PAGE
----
MA (Cantab.), MB BCh BAO, Dip NLC IHS
Background and Experience
I qualified as a doctor in 1999, having graduated from Cambridge University, England, and Queen’s University, Belfast. From 2000 until 2015 I worked in paediatric medicine in Northern Ireland. I trained in the regional neonatal unit and the regional paediatric hospital in Belfast, as well as other district general hospitals throughout Belfast and the rest of Northern Ireland. During this time I obtained further qualifications in paediatrics. In addition, I became a member of the Royal College of Paediatrics and Child Health. In 2011 I became a consultant paediatrician and developed an interest in paediatric allergy. Initially, I worked in Altnagelvin Hospital in Derry but then I moved to the North Coast of Northern Ireland to Causeway Hospital paediatric department. However, in 2010 I also began to develop an interest in how diet and lifestyle factors contribute to health and disease. I discovered the functional medicine approach to care and, as a result, the way that I considered chronic illness started to change. This gradually converted into a more holistic approach to care. As a result of this new functional medicine knowledge, I became less reliant on medications for the management of chronic conditions.
I started to apply some of the principles from functional, diet and lifestyle medicine to my own and my patients’ health. This was at a time when no other paediatricians were interested in this approach in Northern Ireland. Often this resulted in unexpectedly good results. However, there were some limitations in applying this approach in an NHS setting. In particular, in relation to constraints imposed by clinic time slots. As well as this I wasn’t able to follow up patients as frequently as I would have liked. Finally, it was sometimes very difficult to convince patients and their parents to embark on making changes.
Despite this I was often impressed, and quite frankly amazed, that so many families were motivated to seek out and adopt diet and lifestyle changes. Not only this, but they managed to implement them with only a little guidance from me. However, the successful families needed to go on a quest to discover most of the information on their own. They needed to buy books and search for useful articles on the internet. They also had to make changes on their own with only basic pointers from me.
If this strikes you as a bit of an undertaking, you’d be right. So I was always thrilled whenever families were able to implement changes and then reap the rewards. They noticed improvements in health, energy and weight management.
Health challenges don't just affect individuals. They have profound impacts on families, and even communities.
Working alongside a health coach could have made everything much smoother
Having said this, I’m certain that the support of a good Health Coach and Nutritionist would have made this process considerably easier and less stressful. Moreover, it would have increased the success rates for families who struggled to make diet and lifestyle changes. If Nutrition and Lifestyle Coaches who had been trained in the functional medicine approach had been available on the NHS they could have offered important support. In particular, to those families who struggled to understand exactly what I wanted them to do. But also for families who found that initiating major changes was too daunting. As well as those who perceived that changes would result in deprivation. Likewise, those who simply could not identify adequate reasons to change, and so weren’t motivated.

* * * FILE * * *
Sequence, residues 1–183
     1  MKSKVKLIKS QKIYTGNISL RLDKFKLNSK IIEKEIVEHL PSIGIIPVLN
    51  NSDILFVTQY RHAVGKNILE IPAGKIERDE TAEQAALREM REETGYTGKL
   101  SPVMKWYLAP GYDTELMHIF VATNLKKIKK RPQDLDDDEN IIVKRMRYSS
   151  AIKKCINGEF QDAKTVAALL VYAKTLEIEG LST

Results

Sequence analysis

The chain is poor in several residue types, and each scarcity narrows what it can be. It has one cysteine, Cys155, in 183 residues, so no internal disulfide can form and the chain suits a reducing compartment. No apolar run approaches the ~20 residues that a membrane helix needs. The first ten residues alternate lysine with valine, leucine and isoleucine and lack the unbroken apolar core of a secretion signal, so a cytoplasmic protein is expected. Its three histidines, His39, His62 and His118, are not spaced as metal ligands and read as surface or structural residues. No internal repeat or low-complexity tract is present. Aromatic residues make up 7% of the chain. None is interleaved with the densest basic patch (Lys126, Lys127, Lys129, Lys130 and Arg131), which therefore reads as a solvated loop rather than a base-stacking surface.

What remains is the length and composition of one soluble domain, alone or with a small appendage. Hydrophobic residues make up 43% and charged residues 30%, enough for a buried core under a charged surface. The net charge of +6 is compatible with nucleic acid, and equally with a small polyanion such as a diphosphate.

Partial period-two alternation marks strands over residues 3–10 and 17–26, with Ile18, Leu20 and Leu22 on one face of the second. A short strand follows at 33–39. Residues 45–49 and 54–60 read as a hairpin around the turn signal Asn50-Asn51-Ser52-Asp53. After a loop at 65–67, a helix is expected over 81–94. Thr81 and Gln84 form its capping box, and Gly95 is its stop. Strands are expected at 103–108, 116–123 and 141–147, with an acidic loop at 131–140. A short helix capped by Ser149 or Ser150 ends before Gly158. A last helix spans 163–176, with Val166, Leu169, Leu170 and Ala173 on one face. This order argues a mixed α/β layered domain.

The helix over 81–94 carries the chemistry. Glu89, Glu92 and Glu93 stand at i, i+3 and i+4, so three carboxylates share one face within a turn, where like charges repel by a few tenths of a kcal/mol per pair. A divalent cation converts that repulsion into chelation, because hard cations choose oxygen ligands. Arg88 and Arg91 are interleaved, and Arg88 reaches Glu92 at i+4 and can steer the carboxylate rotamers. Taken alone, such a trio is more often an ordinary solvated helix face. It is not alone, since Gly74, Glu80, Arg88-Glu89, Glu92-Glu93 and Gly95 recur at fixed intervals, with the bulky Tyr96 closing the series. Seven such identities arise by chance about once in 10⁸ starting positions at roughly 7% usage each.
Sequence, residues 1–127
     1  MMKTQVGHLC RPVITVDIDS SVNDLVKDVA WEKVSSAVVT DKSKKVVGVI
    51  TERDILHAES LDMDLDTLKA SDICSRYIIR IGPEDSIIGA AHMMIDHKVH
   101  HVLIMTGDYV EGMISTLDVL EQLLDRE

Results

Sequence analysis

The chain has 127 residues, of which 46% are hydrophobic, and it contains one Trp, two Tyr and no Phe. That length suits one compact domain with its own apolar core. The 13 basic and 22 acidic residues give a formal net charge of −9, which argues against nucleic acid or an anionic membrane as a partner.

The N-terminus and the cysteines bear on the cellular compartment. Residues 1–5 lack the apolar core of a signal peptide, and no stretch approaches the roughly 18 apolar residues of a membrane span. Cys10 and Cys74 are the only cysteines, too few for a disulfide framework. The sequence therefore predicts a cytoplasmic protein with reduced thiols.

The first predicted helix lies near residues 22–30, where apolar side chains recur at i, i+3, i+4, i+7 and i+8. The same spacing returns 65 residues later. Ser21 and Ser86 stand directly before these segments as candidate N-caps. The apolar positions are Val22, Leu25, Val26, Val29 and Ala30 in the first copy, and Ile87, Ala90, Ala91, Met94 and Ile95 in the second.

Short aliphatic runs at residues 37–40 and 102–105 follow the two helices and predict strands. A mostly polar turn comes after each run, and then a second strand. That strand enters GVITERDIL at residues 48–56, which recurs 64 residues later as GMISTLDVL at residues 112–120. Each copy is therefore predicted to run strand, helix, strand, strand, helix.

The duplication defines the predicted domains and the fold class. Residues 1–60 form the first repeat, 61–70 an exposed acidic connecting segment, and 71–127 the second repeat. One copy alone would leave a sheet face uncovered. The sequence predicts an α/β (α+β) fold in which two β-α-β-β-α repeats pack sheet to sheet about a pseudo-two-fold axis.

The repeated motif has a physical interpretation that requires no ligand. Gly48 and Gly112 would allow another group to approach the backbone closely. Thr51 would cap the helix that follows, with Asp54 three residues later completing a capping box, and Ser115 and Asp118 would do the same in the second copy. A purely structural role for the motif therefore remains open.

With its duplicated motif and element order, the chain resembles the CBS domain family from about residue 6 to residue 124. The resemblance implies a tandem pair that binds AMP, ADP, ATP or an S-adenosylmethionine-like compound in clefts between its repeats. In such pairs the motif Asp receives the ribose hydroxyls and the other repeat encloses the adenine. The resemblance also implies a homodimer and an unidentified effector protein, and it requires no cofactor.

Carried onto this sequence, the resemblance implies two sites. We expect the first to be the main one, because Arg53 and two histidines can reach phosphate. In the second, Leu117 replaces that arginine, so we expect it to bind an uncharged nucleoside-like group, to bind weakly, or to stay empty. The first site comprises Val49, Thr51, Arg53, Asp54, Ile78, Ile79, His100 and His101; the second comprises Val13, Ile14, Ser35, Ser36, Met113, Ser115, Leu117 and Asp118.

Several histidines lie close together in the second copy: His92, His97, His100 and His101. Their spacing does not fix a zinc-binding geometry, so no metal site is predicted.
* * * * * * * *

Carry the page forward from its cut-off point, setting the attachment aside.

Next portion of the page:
The role and importance of the coach
Training in coaching recognises that change is difficult. And so coaches focus on identifying ways to motivate and support you. A Nutrition and Lifestyle Coach acts as an ally in helping you to achieve optimum health and wellness.
Find out more about my nutrition and lifestyle coaching services
Why did I change careers?
My own personal struggles with illness meant that I had to step away from paediatrics in 2015. I needed to reevaluate how I could regain a healthy work-life balance.
I became passionate about the power of diet and lifestyle. It became clear that I could use it as a means to help optimise people’s health and wellness. And I didn’t have to focus on individuals. Nutrition and behavioural change can transform families and even communities. It even has the potential to have an impact at a national level. Consequently, I was spurred on to study Nutrition and Lifestyle Coaching at an institution with similar philosophies to my own. I chose the internationally recognised Institute of Health Sciences in Dublin. This is an institute where scientific evidence underpins teaching. Functional Medicine and Health and Wellness Coaching principles are the foundation of training and they offer accredited qualifications.
As a result, I have been awarded the Crossfields Institute UK Level 4 Diploma in Nutrition and Lifestyle Coaching. This is regulated by Ofqual.